The magistrate investigating the mysterious death of a German teenager at the foot of Dingli Cliffs in 2016 has reopened the inquiry to probe how the boy’s body was returned to relatives with most of its organs missing, the Times of Malta has learnt.
Sources said Magistrate Marseanne Farrugia had reopened the inquiry upon instructions by the Attorney General’s Office.
Mike Mansholt, a 17-year-old adventurer, arrived in Malta on holiday on July 8 and was found dead on July 26.
He had been reported missing four days earlier after he failed to return home from his holiday.
He was found without his running shoes, a few metres away from his rented bicycle.
It was established that the damage to the bicycle was not compatible with a fall from a height. An autopsy concluded that Mr Mansholt had been dead for between seven and eight days. The cause of death, however, has never been established.
Both the post-mortems held in Malta and in Germany concluded that the teenager had no broken bones, all but excluding the possibility of a fall.
Magistrate Farrugia closed the inquiry once it was established that the cause of death could not be determined.
But Mr Mansholt’s father, Berndt Alexander, and his sister, Maria, would not let it rest: they requested that the inquiry be reopened when they realised the state of the body.
The body was taken to the Medical University of Hannover for a second autopsy. The only organs found inside were Mr Mansholt’s left kidney, the diaphragm, the spleen and the large intestine.
Although there were possible witnesses, the police investigation was stopped too early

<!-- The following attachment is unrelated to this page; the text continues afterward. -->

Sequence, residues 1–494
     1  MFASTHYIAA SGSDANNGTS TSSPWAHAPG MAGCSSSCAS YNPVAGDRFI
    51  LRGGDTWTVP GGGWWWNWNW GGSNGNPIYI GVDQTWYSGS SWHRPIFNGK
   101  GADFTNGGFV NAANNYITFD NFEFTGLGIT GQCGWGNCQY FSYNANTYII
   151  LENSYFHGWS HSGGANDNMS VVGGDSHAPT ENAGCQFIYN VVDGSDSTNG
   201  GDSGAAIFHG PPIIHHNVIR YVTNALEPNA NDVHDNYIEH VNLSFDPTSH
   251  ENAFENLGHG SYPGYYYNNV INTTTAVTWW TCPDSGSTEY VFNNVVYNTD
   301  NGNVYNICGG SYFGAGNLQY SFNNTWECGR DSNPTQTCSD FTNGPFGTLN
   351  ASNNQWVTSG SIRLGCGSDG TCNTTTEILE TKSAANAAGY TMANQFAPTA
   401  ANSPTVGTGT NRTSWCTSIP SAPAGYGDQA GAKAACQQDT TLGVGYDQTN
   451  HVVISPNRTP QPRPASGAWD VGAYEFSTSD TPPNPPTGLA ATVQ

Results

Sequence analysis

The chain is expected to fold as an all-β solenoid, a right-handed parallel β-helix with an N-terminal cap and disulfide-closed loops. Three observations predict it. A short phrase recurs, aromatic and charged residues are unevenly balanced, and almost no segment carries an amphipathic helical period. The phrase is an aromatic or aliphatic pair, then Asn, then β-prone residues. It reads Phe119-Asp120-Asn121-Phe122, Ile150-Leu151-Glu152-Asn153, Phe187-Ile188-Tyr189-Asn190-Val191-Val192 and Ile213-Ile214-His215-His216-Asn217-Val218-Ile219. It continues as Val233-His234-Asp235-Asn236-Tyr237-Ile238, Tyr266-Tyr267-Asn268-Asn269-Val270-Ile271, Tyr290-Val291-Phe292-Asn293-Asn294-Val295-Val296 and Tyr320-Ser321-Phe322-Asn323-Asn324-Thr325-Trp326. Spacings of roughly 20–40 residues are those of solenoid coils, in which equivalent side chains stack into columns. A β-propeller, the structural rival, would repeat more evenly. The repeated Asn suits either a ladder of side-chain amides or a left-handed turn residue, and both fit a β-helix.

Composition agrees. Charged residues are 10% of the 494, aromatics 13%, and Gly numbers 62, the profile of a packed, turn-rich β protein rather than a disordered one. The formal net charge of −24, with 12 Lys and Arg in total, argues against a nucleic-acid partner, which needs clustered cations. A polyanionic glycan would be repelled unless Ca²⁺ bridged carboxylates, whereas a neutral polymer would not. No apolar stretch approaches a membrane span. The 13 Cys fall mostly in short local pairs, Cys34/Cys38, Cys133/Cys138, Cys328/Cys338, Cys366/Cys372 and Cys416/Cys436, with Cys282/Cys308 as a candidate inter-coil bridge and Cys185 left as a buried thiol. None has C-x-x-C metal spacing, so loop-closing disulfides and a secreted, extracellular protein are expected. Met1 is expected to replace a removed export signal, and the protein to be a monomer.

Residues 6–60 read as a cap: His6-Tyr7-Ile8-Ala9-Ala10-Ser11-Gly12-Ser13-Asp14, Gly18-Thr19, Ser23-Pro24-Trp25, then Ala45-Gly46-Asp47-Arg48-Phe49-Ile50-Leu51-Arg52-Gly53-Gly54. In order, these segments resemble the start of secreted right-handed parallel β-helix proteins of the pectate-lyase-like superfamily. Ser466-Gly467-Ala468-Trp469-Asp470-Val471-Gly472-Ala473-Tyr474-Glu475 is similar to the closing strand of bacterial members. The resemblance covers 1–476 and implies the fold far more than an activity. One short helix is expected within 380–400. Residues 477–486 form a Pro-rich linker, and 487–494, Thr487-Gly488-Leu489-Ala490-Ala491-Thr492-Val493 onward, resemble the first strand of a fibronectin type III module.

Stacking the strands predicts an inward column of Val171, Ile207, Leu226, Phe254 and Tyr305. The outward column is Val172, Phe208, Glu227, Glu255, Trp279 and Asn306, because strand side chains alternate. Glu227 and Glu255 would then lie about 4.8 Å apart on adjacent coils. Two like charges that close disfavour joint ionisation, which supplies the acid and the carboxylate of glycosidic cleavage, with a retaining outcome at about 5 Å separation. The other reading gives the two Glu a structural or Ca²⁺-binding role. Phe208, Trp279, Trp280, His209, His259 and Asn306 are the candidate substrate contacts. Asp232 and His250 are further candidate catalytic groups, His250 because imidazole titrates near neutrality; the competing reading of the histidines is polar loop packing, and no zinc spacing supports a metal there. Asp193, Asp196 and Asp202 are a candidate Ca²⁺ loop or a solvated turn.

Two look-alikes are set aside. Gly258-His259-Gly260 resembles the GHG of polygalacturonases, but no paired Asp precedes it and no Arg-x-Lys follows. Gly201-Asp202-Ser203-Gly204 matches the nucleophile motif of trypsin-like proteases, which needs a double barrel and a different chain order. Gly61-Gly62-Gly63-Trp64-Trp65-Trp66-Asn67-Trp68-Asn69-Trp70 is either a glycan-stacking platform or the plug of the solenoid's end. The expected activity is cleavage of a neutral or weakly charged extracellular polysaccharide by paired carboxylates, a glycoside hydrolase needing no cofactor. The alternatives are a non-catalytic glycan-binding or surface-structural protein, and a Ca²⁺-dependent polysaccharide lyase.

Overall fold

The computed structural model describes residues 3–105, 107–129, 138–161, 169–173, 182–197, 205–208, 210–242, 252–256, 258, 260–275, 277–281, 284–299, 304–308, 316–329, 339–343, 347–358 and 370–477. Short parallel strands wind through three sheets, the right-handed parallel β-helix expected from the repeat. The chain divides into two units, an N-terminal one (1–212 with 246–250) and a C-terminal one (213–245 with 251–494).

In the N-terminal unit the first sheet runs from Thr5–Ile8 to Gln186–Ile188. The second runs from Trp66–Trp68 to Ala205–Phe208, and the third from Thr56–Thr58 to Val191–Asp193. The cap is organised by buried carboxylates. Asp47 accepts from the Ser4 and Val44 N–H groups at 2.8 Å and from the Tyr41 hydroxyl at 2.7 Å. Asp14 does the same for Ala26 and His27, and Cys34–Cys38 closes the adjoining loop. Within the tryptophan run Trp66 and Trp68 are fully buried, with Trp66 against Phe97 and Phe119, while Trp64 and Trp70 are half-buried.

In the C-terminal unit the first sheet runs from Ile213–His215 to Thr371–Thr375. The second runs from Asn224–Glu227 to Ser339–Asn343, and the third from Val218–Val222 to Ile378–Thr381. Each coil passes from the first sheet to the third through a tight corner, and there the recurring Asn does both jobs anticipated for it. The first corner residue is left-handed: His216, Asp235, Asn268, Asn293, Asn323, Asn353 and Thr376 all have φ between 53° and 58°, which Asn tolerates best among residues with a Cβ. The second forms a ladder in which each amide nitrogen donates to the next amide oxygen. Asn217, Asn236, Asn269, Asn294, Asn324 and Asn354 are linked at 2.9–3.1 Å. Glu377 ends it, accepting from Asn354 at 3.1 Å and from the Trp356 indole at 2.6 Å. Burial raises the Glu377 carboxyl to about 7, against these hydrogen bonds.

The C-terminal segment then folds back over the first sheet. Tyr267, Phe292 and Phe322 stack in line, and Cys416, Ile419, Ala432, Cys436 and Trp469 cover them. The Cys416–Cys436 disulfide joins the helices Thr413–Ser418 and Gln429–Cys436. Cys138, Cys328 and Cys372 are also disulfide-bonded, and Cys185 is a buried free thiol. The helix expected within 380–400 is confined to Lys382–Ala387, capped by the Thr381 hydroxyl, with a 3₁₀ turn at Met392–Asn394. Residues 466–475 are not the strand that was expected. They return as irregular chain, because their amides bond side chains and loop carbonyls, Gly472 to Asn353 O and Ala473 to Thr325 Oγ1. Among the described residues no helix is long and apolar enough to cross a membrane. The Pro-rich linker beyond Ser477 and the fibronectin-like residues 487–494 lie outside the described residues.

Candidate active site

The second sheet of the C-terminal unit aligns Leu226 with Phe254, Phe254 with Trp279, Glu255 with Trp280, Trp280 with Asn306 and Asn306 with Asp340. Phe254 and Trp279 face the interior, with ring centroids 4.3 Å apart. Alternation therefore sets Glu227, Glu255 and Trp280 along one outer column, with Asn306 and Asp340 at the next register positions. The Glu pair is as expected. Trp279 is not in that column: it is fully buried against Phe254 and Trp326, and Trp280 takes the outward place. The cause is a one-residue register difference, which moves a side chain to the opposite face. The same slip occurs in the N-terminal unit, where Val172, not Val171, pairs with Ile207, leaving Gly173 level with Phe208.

They also complained that they were never given a copy of the report of the autopsy carried out at Mater Dei Hospital, nor were they privy to the findings.
The father of the German teenager welcomed the news about the reopening of the magisterial inquiry.
When contacted yesterday, Mr Mansholt said: “Mike’s sister, Maria, and I are very pleased that the investigation has resumed. As we always did, we offer the authorities in Malta our full cooperation. There are still many questions left in the death of my son.
“Although there were indications of possible witnesses, the police investigation was stopped too early. It has never been fully understood what happened to his organs. And why was he not embalmed? Why did we not receive an autopsy report?
“This is what we want to know.”
Mr Mansholt filed a criminal complaint with Police Commissioner Lawrence Cutajar late last year asking him to investigate a court expert who failed to explain why his son’s body was returned with most of organs missing.
Through his lawyers, Veronique Dalli and Dean Hili, Mr Mansholt said the explanations given to him by the Maltese court expert “do not add up”.
The Mansholts said in an e-mail exchange with the medico-legal expert appointed by the Maltese courts, Mario Scerri, they were told their son’s organs had been attacked by rodents and that the brain had liquefied.
However, they noted, the autopsy in Germany found nothing of the sort.
Sources said the investigation is under way and being carried out by the Vice Squad.
The questions have remained unanswered, and Mr Mansholt is still offering a €10,000 reward to whoever provides him with clues that will lead to an explanation of what happened to his son.
He is offering another €10,000 reward to whoever helps him recover his son’s missing backpack, which carried his phone and a GoPro sports camera.
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